On Sunday night, a 23-year-old woman decided that rather than have a futile operation, she would die. She had been crushed by a falling pole when she lunged into the street to save a child. She asked doctors if she could die peacefully on the Comfort, with her mother, who lives in Port-au-Prince, by her side. Etienne arranged for her mother's flight.
Etienne's role on the hospital's ethics committee draws him into some of the most complex cases on board, cases that reflect the depth of Haiti's suffering. There were the young man with cerebral malaria and three patients with tetanus, which Etienne says he has never seen before. None is expected to survive.
The ship's obstetricians called on Etienne for advice on how to handle a near-term pregnant woman with a broken pelvis and thigh. Her internal bleeding was so severe it threatened to drain the ship's depleted blood bank — and cost both mother and baby their lives. Delivering her baby and repairing her wounds would require three operations. Etienne found that the consent form mentioned only two.
"Unless you get her consent for the third operation, it will be battery," he told the doctors. The consent form was revised, the mother survived and the obstetricians delivered the mission's first baby, a girl named Esther.
Lt. Cmdr. Susan Farrar, who helped deliver the baby, says the mother awoke from surgery worried that Esther might have been hurt by the earthquake.
"The first thing she asked me was, 'Did the baby have any injuries?' " Farrar says. "We told her the baby was perfect."
In a case that divided the medical staff, Etienne was called in to consult on an 11-month-old boy whose head is so swollen with hydrocephalus — a blockage that prevents spinal fluid from draining — that Etienne had to stick two paper tape measures together to gauge its circumference.
The boy's case provoked a furious debate among doctors, already stretched to the limits of exhaustion and resources. Should they perform brain surgery to put in a shunt and tubing that would let the fluid drain into his abdomen?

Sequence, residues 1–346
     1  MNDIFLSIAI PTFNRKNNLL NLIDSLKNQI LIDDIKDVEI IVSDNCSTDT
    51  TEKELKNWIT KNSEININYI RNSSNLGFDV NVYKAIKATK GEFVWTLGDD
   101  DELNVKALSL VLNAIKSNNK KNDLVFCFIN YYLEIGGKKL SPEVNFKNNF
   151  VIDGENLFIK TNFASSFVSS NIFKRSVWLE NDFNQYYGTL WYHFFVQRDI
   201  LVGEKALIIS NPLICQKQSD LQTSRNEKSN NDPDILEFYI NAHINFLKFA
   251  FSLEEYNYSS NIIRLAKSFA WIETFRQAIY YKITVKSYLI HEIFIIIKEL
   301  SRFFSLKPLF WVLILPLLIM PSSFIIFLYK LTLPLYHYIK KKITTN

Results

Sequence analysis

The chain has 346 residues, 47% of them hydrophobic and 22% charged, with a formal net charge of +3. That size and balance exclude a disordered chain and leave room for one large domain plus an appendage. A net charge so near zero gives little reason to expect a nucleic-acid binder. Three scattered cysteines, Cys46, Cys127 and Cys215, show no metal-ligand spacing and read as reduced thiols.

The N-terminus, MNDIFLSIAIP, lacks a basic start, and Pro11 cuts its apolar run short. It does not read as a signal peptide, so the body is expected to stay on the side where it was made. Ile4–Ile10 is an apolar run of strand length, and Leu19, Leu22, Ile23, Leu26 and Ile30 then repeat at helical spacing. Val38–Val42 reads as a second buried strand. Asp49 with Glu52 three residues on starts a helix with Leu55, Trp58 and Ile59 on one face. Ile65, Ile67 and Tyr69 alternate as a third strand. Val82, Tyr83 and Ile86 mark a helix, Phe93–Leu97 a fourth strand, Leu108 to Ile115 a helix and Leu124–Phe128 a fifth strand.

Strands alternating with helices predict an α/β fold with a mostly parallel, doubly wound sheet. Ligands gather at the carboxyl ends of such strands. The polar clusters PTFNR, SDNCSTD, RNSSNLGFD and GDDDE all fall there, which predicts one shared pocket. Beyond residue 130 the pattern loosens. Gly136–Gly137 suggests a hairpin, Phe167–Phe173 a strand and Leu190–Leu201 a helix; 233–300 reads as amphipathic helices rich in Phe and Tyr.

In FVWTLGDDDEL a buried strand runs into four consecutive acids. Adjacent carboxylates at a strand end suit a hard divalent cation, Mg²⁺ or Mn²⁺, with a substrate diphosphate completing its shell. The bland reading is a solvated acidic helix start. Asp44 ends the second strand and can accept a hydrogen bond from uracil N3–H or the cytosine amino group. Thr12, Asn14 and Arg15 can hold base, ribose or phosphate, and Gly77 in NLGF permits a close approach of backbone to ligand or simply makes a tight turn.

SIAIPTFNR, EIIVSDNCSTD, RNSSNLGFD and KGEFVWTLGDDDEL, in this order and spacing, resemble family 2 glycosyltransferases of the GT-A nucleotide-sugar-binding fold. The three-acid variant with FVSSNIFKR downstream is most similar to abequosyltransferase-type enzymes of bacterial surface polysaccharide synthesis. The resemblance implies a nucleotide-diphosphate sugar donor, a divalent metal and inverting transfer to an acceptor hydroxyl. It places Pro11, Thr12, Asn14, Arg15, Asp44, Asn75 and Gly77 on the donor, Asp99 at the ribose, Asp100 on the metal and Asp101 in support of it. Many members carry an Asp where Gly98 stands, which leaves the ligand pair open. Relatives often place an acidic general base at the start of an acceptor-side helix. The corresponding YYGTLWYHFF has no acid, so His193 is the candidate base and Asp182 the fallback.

Or should they focus instead on patients injured in the earthquake and not roll the dice on what might be a temporary fix for a fatal condition?
"Personally, I would treat him. We have the shunts. We have the tubing," says Cmdr. Dennis Rivet, a neurosurgeon, noting that the operation is done with success in poor African countries.
"I would set him free with a blessing," counters Capt. Arne Anderson, a pediatrician. He notes that many shunts eventually fail.
He also says the Ministry of Health of Haiti had asked the Comfort not to provide medical care that can't be sustained in Haiti.
"He'll die," Rivet says.
"If you like the risks, and the risks are small, I'll support you," Anderson says.
The doctors agree to wait for a CT scan to decide. If the boy's brain shows no damage, surgery might become a reasonable option.
Etienne says the case offers a perfect reflection of the crossroads Haiti has reached. If the earthquake had not happened, he says, "the kid would never have left the house. The family would have hidden him away. Because the earthquake wrecked their house, the family can't hide him any longer."
The earthquake likewise exposed the depth of Haiti's problems, he says.
But there can be hope even in the most difficult circumstances, Etienne says. "I believe in God, and there is always a chance of a miracle," even in a case as dire as Brianville's.
Chaplain David Oravec offered a prayer of hope moments after Etienne had delivered his diagnosis. He also asked Brianville, "What do you do?"
"I used to sing," Brianville said.
"No matter what," Oravec said, "you'll still sing."